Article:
It is remarkable how readily and instantly retching or actual vomiting is induced in some persons by the mere idea of having partaken of any unusual food, as of an animal which is not commonly eaten; although there is nothing in such food to cause the stomach to reject it. (4)
When vomiting results, as a reflex action, from some real cause-- as from too rich food, or tainted meat, or from an emetic--it does not ensue immediately, but generally after a considerable interval of time. Therefore, to account for retching or vomiting being so quickly and easily excited by a mere idea, the suspicion arises that our progenitors must formerly have had the power (like that possessed by ruminants and some other animals) of voluntarily rejecting food which disagreed with them, or which they thought would disagree with them; and now, though this power has been lost, as far as the will is concerned, it is called into involuntary action, through the force of a formerly well-established habit, whenever the mind revolts at the idea of having partaken of any kind of food, or at anything disgusting. (4)
He notes how it still appears to be a voluntary action with other species:
This suspicion receives support from the fact, of which I am assured by Mr. Sutton, that the monkeys in the Zoological Gardens often vomit whilst in perfect health, which looks as if the act were voluntary. We can see that as man is able to communicate by language to his children and others, the knowledge of the kinds of food to be avoided, he would have little occasion to use the faculty of voluntary rejection; so that this power would tend to be lost through disuse.
And he also describes how it is a very deeply ingrained part of our biology, from birth:
I never saw disgust more plainly expressed than on the face of one of my infants at the age of five months, when, for the first time, some cold water, and again a month afterwards, when a piece of ripe cherry was put into his mouth. This was shown by the lips and whole mouth assuming a shape which allowed the contents to run or fall quickly out; the tongue being likewise protruded. These movements were accompanied by a little shudder.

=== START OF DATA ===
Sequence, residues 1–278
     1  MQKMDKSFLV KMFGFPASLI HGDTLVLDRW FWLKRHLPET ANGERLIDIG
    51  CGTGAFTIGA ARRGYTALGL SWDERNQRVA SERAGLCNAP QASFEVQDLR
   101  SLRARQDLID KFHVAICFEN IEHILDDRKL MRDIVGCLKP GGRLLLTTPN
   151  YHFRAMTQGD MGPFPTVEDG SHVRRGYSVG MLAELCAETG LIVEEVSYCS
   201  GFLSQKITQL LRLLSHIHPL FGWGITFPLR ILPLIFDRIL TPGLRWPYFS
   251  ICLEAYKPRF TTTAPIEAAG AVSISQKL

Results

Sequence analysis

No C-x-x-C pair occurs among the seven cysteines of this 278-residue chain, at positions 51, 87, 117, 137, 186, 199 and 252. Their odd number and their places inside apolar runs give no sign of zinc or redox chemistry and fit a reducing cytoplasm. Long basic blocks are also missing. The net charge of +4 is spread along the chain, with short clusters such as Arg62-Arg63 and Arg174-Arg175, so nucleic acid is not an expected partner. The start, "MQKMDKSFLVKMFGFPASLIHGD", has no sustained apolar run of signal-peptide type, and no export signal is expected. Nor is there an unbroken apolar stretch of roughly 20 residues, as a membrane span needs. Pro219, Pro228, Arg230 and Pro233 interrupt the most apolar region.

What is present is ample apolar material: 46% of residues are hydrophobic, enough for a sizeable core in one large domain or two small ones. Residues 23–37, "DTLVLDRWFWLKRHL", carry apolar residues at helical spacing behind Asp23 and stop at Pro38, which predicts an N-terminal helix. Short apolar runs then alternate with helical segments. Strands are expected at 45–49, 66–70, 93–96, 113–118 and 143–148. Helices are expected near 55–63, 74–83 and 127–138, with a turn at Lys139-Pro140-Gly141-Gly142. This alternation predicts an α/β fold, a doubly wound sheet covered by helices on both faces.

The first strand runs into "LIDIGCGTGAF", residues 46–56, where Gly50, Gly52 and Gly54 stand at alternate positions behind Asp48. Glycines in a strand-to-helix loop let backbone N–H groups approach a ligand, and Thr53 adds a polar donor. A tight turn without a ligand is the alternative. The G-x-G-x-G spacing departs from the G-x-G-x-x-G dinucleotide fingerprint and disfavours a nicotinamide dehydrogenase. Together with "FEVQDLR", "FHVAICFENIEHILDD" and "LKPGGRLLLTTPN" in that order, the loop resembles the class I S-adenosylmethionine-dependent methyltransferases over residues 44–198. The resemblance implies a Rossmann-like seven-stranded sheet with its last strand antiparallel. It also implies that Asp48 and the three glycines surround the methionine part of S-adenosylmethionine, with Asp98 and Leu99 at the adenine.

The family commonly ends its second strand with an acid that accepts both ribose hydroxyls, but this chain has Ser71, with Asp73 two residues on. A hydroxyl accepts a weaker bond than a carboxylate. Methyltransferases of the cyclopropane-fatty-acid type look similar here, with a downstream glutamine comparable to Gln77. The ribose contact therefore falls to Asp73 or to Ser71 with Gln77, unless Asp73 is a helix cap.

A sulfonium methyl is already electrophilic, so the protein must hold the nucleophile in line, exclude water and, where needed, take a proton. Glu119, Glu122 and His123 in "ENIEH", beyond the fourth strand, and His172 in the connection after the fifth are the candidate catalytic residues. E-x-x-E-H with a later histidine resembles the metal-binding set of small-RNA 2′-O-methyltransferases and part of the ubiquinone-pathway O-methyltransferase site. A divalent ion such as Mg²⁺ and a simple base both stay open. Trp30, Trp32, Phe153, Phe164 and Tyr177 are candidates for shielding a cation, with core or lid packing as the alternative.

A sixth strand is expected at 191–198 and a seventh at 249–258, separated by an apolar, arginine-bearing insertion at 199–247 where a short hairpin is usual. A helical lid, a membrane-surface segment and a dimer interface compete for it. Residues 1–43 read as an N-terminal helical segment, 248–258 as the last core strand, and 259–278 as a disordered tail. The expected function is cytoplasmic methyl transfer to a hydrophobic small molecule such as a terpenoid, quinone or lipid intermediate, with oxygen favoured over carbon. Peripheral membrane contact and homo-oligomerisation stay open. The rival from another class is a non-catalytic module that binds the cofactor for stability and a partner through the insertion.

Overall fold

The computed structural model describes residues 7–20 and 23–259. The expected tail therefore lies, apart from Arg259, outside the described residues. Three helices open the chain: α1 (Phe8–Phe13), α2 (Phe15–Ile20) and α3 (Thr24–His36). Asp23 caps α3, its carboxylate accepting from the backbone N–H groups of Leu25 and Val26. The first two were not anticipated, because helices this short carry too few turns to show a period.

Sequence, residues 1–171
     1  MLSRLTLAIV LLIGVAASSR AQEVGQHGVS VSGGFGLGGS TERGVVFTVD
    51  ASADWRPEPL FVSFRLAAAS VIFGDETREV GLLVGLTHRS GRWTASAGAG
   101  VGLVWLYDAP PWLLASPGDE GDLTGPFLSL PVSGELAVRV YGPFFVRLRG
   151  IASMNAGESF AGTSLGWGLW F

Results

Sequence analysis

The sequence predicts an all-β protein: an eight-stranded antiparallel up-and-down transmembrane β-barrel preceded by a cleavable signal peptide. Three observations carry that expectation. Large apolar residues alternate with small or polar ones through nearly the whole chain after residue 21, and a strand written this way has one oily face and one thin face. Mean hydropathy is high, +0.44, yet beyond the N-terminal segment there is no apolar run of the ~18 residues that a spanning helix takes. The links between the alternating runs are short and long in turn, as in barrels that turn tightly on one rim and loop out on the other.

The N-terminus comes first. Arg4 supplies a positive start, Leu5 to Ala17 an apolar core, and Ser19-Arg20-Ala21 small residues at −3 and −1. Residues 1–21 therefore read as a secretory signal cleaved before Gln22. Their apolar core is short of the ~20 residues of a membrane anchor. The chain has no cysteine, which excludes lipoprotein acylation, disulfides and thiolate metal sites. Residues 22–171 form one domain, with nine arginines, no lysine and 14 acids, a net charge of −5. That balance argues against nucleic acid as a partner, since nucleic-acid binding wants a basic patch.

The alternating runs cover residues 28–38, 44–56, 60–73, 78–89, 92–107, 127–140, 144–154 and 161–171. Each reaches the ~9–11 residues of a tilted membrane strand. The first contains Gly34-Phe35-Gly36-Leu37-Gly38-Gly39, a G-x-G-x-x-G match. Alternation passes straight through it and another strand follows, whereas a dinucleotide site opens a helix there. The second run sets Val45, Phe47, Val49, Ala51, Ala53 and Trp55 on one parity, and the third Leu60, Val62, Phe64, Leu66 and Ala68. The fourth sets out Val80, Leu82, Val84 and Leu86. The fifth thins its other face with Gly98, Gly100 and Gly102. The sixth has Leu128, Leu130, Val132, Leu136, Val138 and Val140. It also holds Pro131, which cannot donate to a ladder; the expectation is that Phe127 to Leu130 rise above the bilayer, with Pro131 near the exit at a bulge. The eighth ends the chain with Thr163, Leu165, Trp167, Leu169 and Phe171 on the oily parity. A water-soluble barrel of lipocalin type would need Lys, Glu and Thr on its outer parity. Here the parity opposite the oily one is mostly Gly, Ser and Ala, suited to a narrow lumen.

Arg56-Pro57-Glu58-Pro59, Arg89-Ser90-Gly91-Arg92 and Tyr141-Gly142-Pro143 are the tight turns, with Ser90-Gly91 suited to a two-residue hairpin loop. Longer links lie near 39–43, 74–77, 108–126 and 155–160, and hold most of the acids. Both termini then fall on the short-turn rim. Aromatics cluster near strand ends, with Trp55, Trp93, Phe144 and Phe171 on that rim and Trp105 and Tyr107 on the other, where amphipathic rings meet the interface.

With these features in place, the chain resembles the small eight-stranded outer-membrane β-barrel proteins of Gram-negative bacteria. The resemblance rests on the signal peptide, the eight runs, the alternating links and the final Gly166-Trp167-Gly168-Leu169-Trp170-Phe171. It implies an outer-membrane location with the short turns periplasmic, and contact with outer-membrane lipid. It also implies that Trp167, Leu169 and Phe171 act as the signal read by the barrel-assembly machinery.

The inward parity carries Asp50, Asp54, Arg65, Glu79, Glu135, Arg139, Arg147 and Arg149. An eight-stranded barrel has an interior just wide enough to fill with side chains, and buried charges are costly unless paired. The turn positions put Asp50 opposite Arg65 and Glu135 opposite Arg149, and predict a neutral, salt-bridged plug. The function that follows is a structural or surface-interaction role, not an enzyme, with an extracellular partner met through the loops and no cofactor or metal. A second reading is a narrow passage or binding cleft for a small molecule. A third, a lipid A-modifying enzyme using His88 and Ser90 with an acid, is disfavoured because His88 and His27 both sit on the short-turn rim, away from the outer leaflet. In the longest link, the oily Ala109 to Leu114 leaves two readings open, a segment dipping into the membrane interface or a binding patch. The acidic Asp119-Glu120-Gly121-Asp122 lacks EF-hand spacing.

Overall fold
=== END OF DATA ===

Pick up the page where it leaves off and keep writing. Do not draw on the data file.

While the different foodstuffs which cause disgust to arise in different cultures, the taboo, once inculcated is a very strong one, and it would appear that, as Darwin noted, it has deep roots in our evolutionary history, much as a fear of spiders on snakes is involuntary, because to survive, the body must react with speed, either to avoid a dangerous creature, or to eject a dangerous foodstuff.
Modern psychological techniques can probably can desensitise ourselves and overcome it, but is there any real point? After all, it has enabled human beings to survive so far, and the ability to eat hitherto unpalatable foodstuffs may also be the removal of a safety net that which we would not appreciate until it is too late. After all, it seems good to be desensitised to snakes, until one fails to react quickly, and gets a fatal bite. There's often a reason for apparent irrationality in our world, and we would be wise not to always scoff and despise it. I won't be eating horses anytime in the near future.
(2) The Politics of Dog: When Globalization and Culinary Practice Clash. John Feffer, The American Prospect, 2002
(3) Food for Thought, Michael Freeman, Geographical, 1998
(4) The Expression of the Emotions in Man and Animals, Charles Darwin